If you are going with cut flowers, choose seasonal blooms that are grown locally, like the bride pictured, who held a bouquet of local Montana flowers for her Wild West wedding. Razze recommends searching for sustainable florists online. Many work with small local farms or grow flowers themselves, reducing the need to transport blooms long distances. (For example, many roses are grown in South America and flown to the U.S. just for weddings. Talk about affecting the environment.) Some florists will even compost your greens after the wedding, so be sure to ask about the options to make appropriate arrangements.

10 of 17

Donate—Don’t Trash—Décor

Forget tossing all the leftover décor. There are plenty of ways to reuse, recycle, or donate goods after environmentally friendly weddings. Flowers are a big one. There are research organizations that will pick up your arrangements and donate them to local hospitals, senior centers, and homeless shelters. You can also gift extras to your venue’s service staff, family, or guests so they don’t go to waste.

For decorations, such as mirrors, signage, and lanterns, there are options too. Consider using items you already own or pieces you’d want to incorporate into your home after the wedding. If something really isn’t a fit, drop it off at a local thrift store, such as Goodwill or HousingWorks. Donations are tax-deductible, which will come in handy next April 15th, and you’ll sleep well knowing that someone less fortunate can give it a second life.

11 of 17

Opt for Sustainable Meals

Vegetable summer rolls

Photo by O'Malley Photographers; Catering by Sugar Beach Catering

Food can be a hotly debated topic in the eco-friendly wedding conversation. Look for caterers who focus on local, sustainable, and seasonal cuisine. Ask about the farmers that they work with as well as how they source proteins, including seafood and beef. The more local, the smaller the carbon-footprint from long-distance shipping.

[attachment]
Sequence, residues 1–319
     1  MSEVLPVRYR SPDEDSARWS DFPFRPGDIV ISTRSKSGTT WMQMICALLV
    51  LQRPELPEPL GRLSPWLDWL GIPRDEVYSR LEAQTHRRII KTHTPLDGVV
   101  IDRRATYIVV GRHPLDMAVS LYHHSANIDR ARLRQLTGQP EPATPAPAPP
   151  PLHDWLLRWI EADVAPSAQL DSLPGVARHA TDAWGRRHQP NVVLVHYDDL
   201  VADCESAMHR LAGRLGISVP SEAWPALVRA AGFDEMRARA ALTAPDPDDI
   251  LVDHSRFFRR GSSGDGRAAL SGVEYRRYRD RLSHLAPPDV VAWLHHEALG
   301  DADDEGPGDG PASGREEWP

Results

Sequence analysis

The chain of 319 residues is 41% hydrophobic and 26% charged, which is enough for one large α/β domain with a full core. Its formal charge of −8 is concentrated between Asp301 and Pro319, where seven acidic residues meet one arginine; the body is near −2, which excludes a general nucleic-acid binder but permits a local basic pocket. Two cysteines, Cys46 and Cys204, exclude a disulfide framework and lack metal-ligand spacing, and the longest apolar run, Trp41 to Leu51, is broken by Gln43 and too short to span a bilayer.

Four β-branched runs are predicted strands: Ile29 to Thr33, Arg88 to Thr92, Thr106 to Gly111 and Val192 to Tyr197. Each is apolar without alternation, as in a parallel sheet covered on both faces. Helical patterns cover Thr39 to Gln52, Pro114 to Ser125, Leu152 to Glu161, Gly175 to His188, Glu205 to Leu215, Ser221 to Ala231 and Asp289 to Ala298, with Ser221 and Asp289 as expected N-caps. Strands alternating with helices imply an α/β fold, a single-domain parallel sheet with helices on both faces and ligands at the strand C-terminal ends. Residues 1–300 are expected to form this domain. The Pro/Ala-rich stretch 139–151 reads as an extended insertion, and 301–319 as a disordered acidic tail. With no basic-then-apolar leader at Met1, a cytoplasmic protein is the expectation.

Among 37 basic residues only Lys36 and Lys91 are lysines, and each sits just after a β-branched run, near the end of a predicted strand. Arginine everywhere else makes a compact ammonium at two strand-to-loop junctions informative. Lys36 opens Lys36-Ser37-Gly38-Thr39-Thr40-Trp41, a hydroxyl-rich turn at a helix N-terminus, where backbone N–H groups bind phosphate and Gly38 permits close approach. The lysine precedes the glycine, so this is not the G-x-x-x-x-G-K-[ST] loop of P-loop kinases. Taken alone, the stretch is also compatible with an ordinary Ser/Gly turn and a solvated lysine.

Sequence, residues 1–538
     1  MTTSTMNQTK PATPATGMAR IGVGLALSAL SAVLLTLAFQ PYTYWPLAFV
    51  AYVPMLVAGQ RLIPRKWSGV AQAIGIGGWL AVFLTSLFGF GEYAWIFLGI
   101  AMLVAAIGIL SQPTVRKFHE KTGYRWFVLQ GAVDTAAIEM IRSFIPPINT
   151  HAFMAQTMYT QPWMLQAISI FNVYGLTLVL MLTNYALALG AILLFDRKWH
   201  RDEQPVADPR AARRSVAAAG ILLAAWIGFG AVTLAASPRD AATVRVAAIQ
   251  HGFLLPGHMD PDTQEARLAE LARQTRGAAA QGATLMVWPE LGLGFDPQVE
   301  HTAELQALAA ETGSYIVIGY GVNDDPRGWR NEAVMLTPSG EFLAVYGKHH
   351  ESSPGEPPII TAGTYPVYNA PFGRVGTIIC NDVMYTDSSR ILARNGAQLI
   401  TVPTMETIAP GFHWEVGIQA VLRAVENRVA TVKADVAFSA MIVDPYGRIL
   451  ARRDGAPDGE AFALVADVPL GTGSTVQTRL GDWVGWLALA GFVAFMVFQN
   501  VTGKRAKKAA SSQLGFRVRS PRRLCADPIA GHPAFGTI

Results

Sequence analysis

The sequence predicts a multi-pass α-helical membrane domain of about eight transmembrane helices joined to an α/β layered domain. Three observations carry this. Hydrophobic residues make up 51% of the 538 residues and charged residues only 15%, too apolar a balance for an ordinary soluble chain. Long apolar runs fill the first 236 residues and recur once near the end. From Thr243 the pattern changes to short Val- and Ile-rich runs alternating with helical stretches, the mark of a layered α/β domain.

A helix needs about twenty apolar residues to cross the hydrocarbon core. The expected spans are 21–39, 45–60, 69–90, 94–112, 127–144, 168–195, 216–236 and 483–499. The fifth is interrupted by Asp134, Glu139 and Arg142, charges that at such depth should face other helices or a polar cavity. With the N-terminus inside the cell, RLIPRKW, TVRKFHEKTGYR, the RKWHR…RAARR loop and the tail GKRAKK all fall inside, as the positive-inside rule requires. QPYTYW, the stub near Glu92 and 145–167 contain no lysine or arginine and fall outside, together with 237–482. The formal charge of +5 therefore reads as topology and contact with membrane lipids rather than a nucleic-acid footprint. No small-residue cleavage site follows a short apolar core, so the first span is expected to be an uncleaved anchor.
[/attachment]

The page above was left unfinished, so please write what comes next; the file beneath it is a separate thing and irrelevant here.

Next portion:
If it’s fitting, consider serving a fully vegetarian meal for a lower impact on the earth without sacrificing taste—plant-based meals consume fewer resources to produce, and you won’t be harming animals in the process.

The same goes for wine. Look for natural, organic, and biodynamic bottlings to support environmentally conscious producers who focus on being earth-friendly in the vineyard and the winery. Remember, too, that single-serve packaging creates more waste, so consider pouring from bigger glass bottles like magnums that you can easily recycle.

12 of 17

Reduce Food Waste

A plate of food with steak, carrots, and mashed potatoes at a wedding

Photo by Joel Serrato; Catering by Martis Camp

Any large affair will have leftovers, and buffet dinners are a huge offender. What happens to all the extra chicken in the chafing dish? It’s tossed in the trash post-service. Opt for plated dinners to avoid excess food, and if you do go for a buffet, speak to your caterer about saving leftovers. If regulations permit, you can donate extra food to a local food bank or homeless shelter, but you’ll want all the details ahead of time to ensure it’s all properly packed and ready to go.

13 of 17

Rent When You Can

Table set with rented china and potted plants

Photo by KT Merry; Stationery by TPD Design House; Floral Design by 50fifty Events; Rentals by A Chair AffairArtistic Spaces, Events on the LooseLa Tavola Fine Linen, Naples Custom FurnitureNuage DesignsOver The TopPialisaSwag Decor, and Vivant Event Design